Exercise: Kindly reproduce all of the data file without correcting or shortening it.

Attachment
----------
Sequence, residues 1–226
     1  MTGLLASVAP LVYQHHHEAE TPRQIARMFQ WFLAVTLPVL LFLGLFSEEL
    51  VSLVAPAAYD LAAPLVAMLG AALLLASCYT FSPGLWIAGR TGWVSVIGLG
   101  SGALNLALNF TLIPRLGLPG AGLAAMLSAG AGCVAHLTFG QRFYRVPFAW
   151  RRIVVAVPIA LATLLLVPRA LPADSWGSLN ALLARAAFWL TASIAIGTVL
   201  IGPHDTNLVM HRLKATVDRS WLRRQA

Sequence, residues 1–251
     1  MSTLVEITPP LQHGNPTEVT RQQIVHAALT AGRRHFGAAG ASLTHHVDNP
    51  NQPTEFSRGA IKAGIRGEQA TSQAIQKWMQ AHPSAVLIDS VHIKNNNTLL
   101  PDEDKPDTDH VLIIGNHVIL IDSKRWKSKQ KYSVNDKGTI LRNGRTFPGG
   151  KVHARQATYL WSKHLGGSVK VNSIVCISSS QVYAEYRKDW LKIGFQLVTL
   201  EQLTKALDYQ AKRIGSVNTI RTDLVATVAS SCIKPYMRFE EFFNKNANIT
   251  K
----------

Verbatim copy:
Sequence, residues 1–226
     1  MTGLLASVAP LVYQHHHEAE TPRQIARMFQ WFLAVTLPVL LFLGLFSEEL
    51  VSLVAPAAYD LAAPLVAMLG AALLLASCYT FSPGLWIAGR TGWVSVIGLG
   101  SGALNLALNF TLIPRLGLPG AGLAAMLSAG AGCVAHLTFG QRFYRVPFAW
   151  RRIVVAVPIA LATLLLVPRA LPADSWGSLN ALLARAAFWL TASIAIGTVL
   201  IGPHDTNLVM HRLKATVDRS WLRRQA

Sequence, residues 1–251
     1  MSTLVEITPP LQHGNPTEVT RQQIVHAALT AGRRHFGAAG ASLTHHVDNP
    51  NQPTEFSRGA IKAGIRGEQA TSQAIQKWMQ AHPSAVLIDS VHIKNNNTLL
   101  PDEDKPDTDH VLIIGNHVIL IDSKRWKSKQ KYSVNDKGTI LRNGRTFPGG
   151  KVHARQATYL WSKHLGGSVK VNSIVCISSS QVYAEYRKDW LKIGFQLVTL
   201  EQLTKALDYQ AKRIGSVNTI RTDLVATVAS SCIKPYMRFE EFFNKNANIT
   251  K